The Speed Eight features a 4 seat, 2 door convertible bodylaid by hand in GRP, enclosing a jig formed polyester coated tubular space frame chassis.
The fully independent suspension comprises unequal length wishbones at the front and double wishbone utilizing the drive shafts as the upper link at the rear, all sprung by coil over damper systems.
The interior is hand tailored to a customers requirements in the colour of their choice including over 20 leather options. A further 30 paint colours are available including standard, metallic, mica and pearlescent finisheds. But should this be not enough TVR has over 10000 colours at their disposla, so even the most obsure colour request can be entertained.
Powering this rapid sportscar is a choice of two TVR Power all alloy V8 engines, one a 240bhp 3.9ltr the other 286bhp 4.3ltr, both capable of taking the Speed Eight to speeds , interms, most of us can only aspire to. All accomplished effortlessly and without fuss, but beneath the Speed Eights sleek exterior package provides handling to match its performance.
Performance to be announced upon launch."
TVR White Elephant - 1988
The TVR White Elephant is a one-off prototype built for Peter Wheeler, the Managing Director of TVR as his personal transport and as a vehicle for him to go shooting in. Registered in September 1988 the car was used on the road for just 2 years. Some of the White Elephant’s quirkier features include a countersunk dog basket behind the passenger seat to accommodate Peter’s gun dog Ned and a hidden compartment to the rear of the cabin which housed Peter’s shotguns, cartridges and pheasants.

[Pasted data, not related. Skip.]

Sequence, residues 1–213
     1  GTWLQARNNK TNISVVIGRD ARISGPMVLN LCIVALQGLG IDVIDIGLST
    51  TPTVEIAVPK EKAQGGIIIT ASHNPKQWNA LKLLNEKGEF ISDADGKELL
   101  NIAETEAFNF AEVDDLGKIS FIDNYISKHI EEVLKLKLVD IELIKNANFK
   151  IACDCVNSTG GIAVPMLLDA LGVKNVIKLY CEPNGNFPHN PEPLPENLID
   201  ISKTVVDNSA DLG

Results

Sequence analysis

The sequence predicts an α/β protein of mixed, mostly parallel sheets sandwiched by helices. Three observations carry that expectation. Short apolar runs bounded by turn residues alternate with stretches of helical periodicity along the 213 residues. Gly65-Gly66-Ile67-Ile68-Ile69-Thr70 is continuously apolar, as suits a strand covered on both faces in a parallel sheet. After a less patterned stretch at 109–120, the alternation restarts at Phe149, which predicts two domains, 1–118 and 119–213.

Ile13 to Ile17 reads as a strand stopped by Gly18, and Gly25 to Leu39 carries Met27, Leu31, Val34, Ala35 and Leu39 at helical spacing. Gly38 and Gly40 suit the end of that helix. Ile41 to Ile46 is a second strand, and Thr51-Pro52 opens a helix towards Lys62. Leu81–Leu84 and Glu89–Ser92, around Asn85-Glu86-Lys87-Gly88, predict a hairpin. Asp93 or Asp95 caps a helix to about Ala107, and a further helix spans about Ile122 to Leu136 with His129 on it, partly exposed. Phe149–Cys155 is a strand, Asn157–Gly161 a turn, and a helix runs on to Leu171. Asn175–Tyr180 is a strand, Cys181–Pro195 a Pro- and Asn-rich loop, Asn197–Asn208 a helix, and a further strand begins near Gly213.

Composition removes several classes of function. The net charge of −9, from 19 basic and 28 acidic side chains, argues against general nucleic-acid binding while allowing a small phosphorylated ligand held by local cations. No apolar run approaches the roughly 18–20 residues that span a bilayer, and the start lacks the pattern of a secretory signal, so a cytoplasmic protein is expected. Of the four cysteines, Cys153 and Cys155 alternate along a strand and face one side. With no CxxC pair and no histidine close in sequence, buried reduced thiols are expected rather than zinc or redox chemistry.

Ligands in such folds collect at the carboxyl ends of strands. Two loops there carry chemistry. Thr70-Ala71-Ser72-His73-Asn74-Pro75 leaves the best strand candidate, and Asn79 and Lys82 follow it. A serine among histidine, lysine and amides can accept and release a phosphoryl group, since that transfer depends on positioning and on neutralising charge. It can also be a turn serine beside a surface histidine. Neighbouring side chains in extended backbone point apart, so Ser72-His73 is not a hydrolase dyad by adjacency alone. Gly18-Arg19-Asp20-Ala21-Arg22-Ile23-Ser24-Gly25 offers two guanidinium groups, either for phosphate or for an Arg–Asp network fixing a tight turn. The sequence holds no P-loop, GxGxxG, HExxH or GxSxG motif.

The only TVR to be factory fitted with an Australian 5.0ltr V8 Holden Bathurst race engine, the VL SS Group A SV unit which was given to Peter Wheeler to evaluate by Tom Walkinsaw, the head of Holden Special Vehicles, delivers 380 lb ft of torque with 440 bhp. The engine is complimented by a HSV supplied US Spec’ Borg Warner T5 World Series gearbox.
The engine is an experimental build, pre-prototype unit and one of only a dozen or so made. According to HSV, many of these experimental builds will have been tested to destruction or developed to the next level, making this possibly the only remaining and original VL SS Group A SV experimental build ‘Walky’ in existence.
Built on a modified SEAC race chassis developed by Neill Anderson, the body was the first to be modelled by chief designer John Ravenscroft using spray-on expanding foam which when dry was cut to shape and over-coated with a layer of fibreglass. Due to the time saved using this new design method all TVR prototypes were subsequently modelled this way. The body also benefits from the nose taken from a previous prototype, the 420 Sports Saloon, making the White Elephant the first road legal TVR to feature a horizontally mounted radiator.
Very much a development car, the White Elephant is also the first TVR to have its rear number plate lit from inside the vehicle.
Rescued from the ‘TVR Graveyard’ at the back of the factory where she had sat for many years, the White Elephant has undergone a 9 year nut and bolt restoration. A non-runner with the rear window missing, a tree growing out of the boot and mice nesting in the engine bay, this one-off prototype has now been restored to her former glory.
TVR Speed 12 - 1997
The absolute ultimate TVR, originally designed as a concept for the worlds fastest production road car and the basis for a GT1 class endurance race car. See the Speed 12 page for details.
TVR TuscanR / Typhon /T400R /T440R - 2000
The fastest and most expensive TVR ever put into production, excluding the Speed 12 (shown further down the page), which technically never went into production as such, and the race car that took TVR back to Le Mans. See the Typhon page for more details